MIND, KARMA AND GUNA – I
What is the mind ? Where is it located ? What is it made of; its warp and woof, so to say ?
Of what does it take on its distinct, individual character ? What is it that determines it ?
I’ve asked a couple of these questions at a time on all social media forums I frequent. Predictably, but surprising nonetheless, there wasn’t a single response, not even a tentative one. The reason however is not difficul;t to fathom : none had spent time exploring it and, therefore, had no idea to contrbute. The most the “gurus” online dish out are generic advisories, dos and dont’s, promises and dreams.
A clear, self-verified knowledge, cutting through the mind’s inscrutability and myths alike, would be more enlightening and useful to every interested individual on the planet. For everybody has a mind in which all one’s experience is sensed, in which all reactive emotions arise with will and thoughts respective to each, and where the wilful ego takes on the colours of the moment. It’s the animal loop within us, largely characterised by auto-inputs from the subconscious.
Of course, we all have the human loop in the mind as well, starting with the triggered or imagined thought but brought over to intellect and conscious memory. It leads us to analyse, comprehend, corelate with facts in memory, conduct further research, form defining ideas, understand, contemplate, and arrive at the truth or fulness that abides. It takes effort, at times much, to direct oneself along this loop, keeping calm all the while and pushing oneself on to that peace where our understanding is complete.
This line of investigation of the mind, which can virtually contain the whole of the universe within it, brooks no presence of God, faith, religion or cleric. It is about the individual and his mind : what is it, how does it work, etc. But before one can take the inquiry any further, the reality of the mind must be acknowledged, as distinct from our material appendages such as limbs and organs. The mind seems virtual in comparison and hence comes to preoccupy few amongst us. Those who are taken up however would vouch that the mind is more real, more fundamental to being human, than the body or its parts !
The inscrutability of the mind is both a cause and a consequence of the complexity involved in our understanding of it, of perception perceiving itself : it is already defined by the very mind we seek to understand. We will need a place apart to stand on before, to paraphrase Archimedes’ famous quote, we can observe the happenings in the mind objectively. It takes a while, usually a long while, before our individual-self becomes free enough to witness the mind-field phenomena.
Once the individual-self graduates to the witness mode, he begins to observe the nature of the mind, its propensities and their root, which Vivekananda best summarises, “As pleasure and pain pass before the soul, they leave upon it different pictures, and the result of these combined impressions is what is called a person’s “character.” If you take the character of any person, it is really but the aggregate of tendencies, the sum total of the bent of the person’s mind. You will find that misery and happiness are equal factors in the formation of that character. Good and evil have an equal share in molding character, and in some instances misery is a greater teacher than happiness.”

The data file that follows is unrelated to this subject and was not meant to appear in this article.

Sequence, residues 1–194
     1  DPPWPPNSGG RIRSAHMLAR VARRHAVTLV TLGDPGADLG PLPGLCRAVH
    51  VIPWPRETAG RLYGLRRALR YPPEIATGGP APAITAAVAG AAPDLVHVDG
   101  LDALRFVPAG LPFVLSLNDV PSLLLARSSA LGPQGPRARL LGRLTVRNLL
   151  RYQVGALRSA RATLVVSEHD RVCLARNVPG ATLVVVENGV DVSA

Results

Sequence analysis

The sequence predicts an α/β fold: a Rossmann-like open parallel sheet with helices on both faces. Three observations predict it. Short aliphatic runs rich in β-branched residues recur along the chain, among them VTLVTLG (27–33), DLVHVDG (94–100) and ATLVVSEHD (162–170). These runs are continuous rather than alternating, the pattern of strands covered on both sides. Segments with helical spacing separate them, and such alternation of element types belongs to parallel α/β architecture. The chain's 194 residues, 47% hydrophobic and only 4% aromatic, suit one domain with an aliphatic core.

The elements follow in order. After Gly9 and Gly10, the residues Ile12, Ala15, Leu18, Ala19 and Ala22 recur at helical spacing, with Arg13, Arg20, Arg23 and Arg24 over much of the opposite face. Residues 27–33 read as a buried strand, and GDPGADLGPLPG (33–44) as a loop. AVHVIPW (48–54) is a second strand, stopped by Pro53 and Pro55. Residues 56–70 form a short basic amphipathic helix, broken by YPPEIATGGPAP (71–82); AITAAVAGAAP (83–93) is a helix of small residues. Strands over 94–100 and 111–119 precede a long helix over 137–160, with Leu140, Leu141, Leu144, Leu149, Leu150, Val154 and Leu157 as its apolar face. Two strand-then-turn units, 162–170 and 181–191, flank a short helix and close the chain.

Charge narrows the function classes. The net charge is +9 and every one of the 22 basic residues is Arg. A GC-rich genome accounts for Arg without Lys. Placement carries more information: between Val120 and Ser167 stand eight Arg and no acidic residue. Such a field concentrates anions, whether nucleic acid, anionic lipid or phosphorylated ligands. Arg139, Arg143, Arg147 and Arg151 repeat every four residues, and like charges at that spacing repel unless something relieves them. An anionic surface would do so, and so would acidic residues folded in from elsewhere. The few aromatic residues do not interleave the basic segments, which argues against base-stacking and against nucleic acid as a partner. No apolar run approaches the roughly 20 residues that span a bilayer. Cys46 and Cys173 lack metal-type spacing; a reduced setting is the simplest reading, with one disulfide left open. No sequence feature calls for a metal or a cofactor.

Unlike the physical body that grows old and weak and lies forsaken, inanimate, upon its death, the mind has no such limitation of lifetime or ageing. It temporarily ceases to be during our deep sleep state; but it comes back to being with the same structure and architecture, specific tendencies and identities that it held before. It is subject to laws that are of entirely different nature than the ones that prevail in the Material Space. The space in which the individual mind exists is infinitely more subtle, such as to be invisible to the physical eye. The individual self however, being more subtle than the mind, can perceive the latter if it is lead to shed its engagement or preoccupation with gross objects, by cutting asunder the attraction they hold for our respective sense organs – smell taste, sight, hearing and touch.
The Mental Space is the transit buffer between the manifest and unmanifest universe, along both directions : projection and absorption. This domain is available to our awareness, to all beings that have a developed brain and nervous system. The unit mind is trifurcate : Chitta – Feeling and Emotion, powered into action by vitality, in which our animal will arises and most instantly overpowers the individual self; Manas – Thought and Ideas, where doubt and rationality works itself out to the contemplating self; and, Buddhi – Knowledge and Wisdom, where true witness conscious self resides and avails of long-term integration of learning impressed from past experiences in current lifetime.
Hereon, it becomes difficult to chart the inner processes and describe nature of change they each bring about in the very nature of our mind and its consequence upon ourself.
To be continued …
- Swami Vivekananda Quotes (Part 4) (mohitmaurya.wordpress.com)
- Quotes from Karma Yoga by Swami Vivekananda (eeshan89.wordpress.com)